The Toronto Blue Jays have a new $150 million man: George Chelston Springer. For the second consecutive offseason, the Blue Jays landed a big-name free agent, and judging by the flurry of activity as of late, they aren’t done yet.
Up until last year, the 31-year-old outfielder spent his entire career as a member of the Houston Astros, but last week he inked the largest deal in Blue Jays history by committing to a six-year deal. It’s the fifth-largest free agent deal for an outfielder ever.
Springer is also suddenly the elder statesman in the Blue Jays lineup, as he joins the youngest lineup in baseball from one year ago. Nobody in the batting order is older than 30, save for the former Astro himself.
Since he’s going to be around for the foreseeable future, it only makes sense to get to know him a little better. Here are five fun facts about one of the newest Blue Jays on the roster.
1. This isn’t his first time as a Blue Jay
It was meant to be 😉 pic.twitter.com/SMVduvMZbQ
— Toronto Blue Jays (@BlueJays) January 23, 2021
It’s interesting how baseball players’ careers can come full circle. Technically, this will be the second time Springer played for the Blue Jays, albeit the last case was when he was a kid as a member of the Connecticut Blue Jays.
This won't be the first time George Springer has played for a team called the #BlueJays. Growing up, he played on the Connecticut Blue Jays
— Ben Nicholson-Smith (@bnicholsonsmith) January 20, 2021
2. Athletics run in the Springer family
If your last name is Springer, chances are you played athletics at an elite level. George’s father (also named George) played in the 1976 Little League World Series and also played college football.
George’s mother Laura was an elite gymnast, and George’s sisters played college softball. Springer’s wife Charlise was an All-Star softball player in college at the University of Albany and even represented her home country of Puerto Rico in the World Cup of Softball.
3. He’s the spokesperson for SAY: The Stuttering Association of the Young
According to the Stuttering Association of the Young, over 70 million people stutter, and 5% of all young kids deal with a stutter. The former World Series champion was one of that 5% of kids.
He’s open and honest about his stutter, in fact he’s a beacon of hope for young kids who stutter. Springer is the national spokesperson for SAY, and there are many examples of children being unafraid and embracing their stutter, thanks in part to Springer.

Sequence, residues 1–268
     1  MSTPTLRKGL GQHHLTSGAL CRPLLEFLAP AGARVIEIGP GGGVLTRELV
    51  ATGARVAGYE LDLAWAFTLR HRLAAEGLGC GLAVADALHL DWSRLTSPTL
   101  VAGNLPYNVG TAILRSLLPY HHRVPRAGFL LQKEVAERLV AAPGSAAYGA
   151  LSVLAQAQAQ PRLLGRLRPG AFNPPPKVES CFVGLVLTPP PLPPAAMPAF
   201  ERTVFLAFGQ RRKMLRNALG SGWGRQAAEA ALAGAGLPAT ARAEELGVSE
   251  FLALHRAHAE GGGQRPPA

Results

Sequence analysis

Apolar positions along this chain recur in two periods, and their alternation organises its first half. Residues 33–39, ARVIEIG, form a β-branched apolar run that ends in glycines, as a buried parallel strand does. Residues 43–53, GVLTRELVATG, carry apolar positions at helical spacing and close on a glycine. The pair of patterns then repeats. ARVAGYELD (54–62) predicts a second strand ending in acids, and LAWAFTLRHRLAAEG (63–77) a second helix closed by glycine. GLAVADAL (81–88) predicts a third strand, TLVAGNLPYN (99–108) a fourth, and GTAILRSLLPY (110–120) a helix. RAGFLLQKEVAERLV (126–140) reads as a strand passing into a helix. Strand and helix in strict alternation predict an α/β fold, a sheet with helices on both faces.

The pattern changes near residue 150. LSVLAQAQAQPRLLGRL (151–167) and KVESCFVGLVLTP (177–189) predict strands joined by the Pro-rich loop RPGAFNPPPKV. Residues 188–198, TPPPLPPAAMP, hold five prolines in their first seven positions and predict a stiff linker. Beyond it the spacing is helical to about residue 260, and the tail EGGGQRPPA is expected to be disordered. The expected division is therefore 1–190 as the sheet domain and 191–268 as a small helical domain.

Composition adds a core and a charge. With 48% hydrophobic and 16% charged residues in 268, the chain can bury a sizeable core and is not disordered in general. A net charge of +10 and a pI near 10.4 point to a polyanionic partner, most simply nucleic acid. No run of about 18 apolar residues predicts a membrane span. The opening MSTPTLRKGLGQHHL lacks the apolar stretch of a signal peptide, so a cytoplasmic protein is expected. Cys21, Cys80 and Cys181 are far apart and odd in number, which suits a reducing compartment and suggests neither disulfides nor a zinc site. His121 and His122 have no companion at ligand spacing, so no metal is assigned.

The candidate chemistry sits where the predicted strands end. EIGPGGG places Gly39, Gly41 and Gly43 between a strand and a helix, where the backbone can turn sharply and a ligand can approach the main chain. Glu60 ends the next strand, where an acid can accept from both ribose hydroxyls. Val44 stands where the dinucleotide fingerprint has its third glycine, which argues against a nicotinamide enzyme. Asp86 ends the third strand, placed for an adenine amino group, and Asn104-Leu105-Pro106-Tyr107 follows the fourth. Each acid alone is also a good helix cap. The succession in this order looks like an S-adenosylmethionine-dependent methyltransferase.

4. Springer idolized MLB outfielder Torii Hunter
It appears the seed was planted at a very young age for Springer to forge a path to the major leagues. An innocent game of catch with a minor leaguer could have been the impetus for Springer seeking a career in baseball.
He describes a fortuitous moment he had with an outfielder for the double-A affiliate of the Minnesota Twins: Torii Hunter. Hunter enjoyed a remarkable 19-year career playing the bulk of his games in centre field, not unlike Springer himself.
Springer and Hunter played catch in the outfield one day, and the youngster decided from that moment that he wanted to be just like Hunter.
“He didn’t know it, but at that point in time, he changed my life and I was eight years old. I wanted to be out on that field in Britain, Connecticut like he was,” Springer told ESPN.
5. Springer can do the Ozzie Smith backflip
This is one of the many positive side effects of growing up around gymnastics, but Springer can pull off the Ozzie Smith-style backflip. His mother taught him from the time he was 18 months old, and he practiced gymnastics until he was 12.
Back in his high school baseball days, Springer came onto the field and performed a backflip. But the gymnastics weren’t just for show; those skills would prove valuable later on as a professional baseball player.
“It helped me tremendously with body control and body awareness and being able to understand my own strength,” Springer told the Houston Chronicle.